As illustrated in FIG. 3, a region/cavity 302 of a processor socket 304 is removed where the bus signals of interest reside. Removing the region 302 of the processor socket 304 allows for placement of a repeater 306 on the probe board 308 to reduce added signal lengths due to probing, as described in more detail below. In one embodiment, the processor socket 304 is a Land Grid Array (LGA) socket, and the repeater 306 is an Application Specific Integrated Circuit (ASIC) repeater. Variations of the processor socket and the repeater may be used in alternative embodiments.

As illustrated in the cross-sectional view of FIG. 4, in one embodiment, the signals 410 of interest coming from a remote device (such as a chipset) via the motherboard are intercepted at the probe board 408. In one embodiment, the probe board intercepts the bus signals at a location that is very near the repeater device 406, to reduce the added bus length needed to route the bus signals to the repeater device.

After being intercepted at the probe board 408, the signals 410 are routed a short distance to the repeater 406 where the signal 410 is recovered by an input receiver on the repeater 406. The signal 410 is “tapped” in the repeater, and the tapped signal 412 may be sent to a piece of test equipment such as a logic analyzer. The signal 411 is also “re-injected” into the probe board 408 via an output driver of the repeater 406.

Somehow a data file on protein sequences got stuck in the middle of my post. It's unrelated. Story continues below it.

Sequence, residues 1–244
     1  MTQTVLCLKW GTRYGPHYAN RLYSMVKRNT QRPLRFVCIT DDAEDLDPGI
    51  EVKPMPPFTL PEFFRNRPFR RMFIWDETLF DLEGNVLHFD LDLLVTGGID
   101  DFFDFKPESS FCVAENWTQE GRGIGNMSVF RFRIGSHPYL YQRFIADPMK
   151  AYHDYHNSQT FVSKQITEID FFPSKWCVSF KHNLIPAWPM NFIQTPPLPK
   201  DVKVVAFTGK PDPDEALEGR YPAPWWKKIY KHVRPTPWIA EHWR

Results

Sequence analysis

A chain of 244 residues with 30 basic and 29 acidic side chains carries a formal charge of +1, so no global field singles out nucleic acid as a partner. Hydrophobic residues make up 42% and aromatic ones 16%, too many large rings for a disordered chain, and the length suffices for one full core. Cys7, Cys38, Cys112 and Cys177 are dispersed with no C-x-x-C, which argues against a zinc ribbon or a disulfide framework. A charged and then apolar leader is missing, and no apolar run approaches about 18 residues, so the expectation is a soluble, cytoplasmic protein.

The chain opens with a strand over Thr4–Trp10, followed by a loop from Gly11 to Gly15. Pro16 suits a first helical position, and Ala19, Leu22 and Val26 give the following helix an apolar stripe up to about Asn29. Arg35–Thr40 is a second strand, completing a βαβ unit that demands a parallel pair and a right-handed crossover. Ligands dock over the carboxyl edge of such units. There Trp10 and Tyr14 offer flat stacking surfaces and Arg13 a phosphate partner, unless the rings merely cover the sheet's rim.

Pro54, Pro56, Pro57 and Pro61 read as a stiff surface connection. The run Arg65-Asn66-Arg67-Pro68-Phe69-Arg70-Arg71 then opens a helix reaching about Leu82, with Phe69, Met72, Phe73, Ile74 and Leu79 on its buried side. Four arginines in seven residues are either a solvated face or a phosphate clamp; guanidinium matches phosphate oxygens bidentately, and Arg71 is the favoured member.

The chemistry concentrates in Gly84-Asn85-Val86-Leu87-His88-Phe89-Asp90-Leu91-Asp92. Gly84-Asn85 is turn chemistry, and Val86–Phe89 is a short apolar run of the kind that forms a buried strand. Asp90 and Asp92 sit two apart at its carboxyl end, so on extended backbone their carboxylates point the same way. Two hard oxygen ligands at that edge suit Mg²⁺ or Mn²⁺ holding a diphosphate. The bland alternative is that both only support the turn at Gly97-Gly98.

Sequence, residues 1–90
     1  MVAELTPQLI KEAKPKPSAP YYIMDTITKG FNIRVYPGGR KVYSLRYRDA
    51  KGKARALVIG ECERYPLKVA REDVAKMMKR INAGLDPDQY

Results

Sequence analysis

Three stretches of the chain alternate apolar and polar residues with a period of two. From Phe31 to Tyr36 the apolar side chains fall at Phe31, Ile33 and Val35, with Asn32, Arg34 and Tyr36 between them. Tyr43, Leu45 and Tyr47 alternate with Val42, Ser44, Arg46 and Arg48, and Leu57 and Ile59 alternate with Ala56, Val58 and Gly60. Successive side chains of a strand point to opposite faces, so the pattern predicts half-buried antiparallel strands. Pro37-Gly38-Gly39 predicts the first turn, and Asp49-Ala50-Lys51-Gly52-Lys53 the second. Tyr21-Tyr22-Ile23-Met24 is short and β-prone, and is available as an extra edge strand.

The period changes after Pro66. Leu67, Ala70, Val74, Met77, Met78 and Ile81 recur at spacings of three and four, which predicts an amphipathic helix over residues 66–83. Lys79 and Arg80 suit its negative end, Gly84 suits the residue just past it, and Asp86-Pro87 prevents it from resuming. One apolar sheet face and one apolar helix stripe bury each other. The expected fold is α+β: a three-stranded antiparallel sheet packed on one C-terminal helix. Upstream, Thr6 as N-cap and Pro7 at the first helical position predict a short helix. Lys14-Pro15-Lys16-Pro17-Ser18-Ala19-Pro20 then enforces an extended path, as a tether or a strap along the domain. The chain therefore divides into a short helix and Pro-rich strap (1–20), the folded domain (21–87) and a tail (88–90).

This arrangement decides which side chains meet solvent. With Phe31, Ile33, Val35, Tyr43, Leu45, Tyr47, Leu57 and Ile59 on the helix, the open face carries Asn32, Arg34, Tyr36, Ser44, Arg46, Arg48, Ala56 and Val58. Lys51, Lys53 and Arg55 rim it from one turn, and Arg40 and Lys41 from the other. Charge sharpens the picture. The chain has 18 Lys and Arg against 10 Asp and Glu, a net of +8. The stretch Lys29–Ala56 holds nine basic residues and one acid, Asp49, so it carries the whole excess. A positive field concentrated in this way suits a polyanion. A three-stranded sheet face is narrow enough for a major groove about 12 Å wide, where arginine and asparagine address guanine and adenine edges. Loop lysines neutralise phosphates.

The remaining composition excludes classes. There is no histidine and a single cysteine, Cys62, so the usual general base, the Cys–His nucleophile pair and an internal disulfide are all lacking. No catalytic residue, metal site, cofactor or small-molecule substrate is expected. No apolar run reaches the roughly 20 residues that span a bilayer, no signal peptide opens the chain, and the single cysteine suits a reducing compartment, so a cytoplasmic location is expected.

In one embodiment, the re-injected signal 411 is to be routed via an integrated flex circuit 416. The flex circuit 416, as illustrated in FIG. 3, flexes into the “cut” region 302 of the processor socket 304 and aligns/interconnects to the processor package lands using, in one embodiment, a low-profile LGA connector 318. In alternative embodiments, a number of alternative technologies could also be used in place of the low profile LGA connector.

In one embodiment, the low-profile LGA connector 318 may be pre-soldered to the integrated flex, or may be a separate element. In an alternative embodiment, the integrated flex could be hand-soldered to the processor package directly (i.e., without a low-profile LGA connector in between).

As illustrated in FIG. 4, when a low-profile LGA connector 418 is used, considering pressure will be used to make the interconnect between the flex circuit 416 and the processor package lands 422 via the low-profile LGA connector 418, a compliant pressure pad 424 (such as an elastomer) may be used. When the assembly is compressed, adequate pressure is to be applied to the low-profile connector to make a reliable interconnect.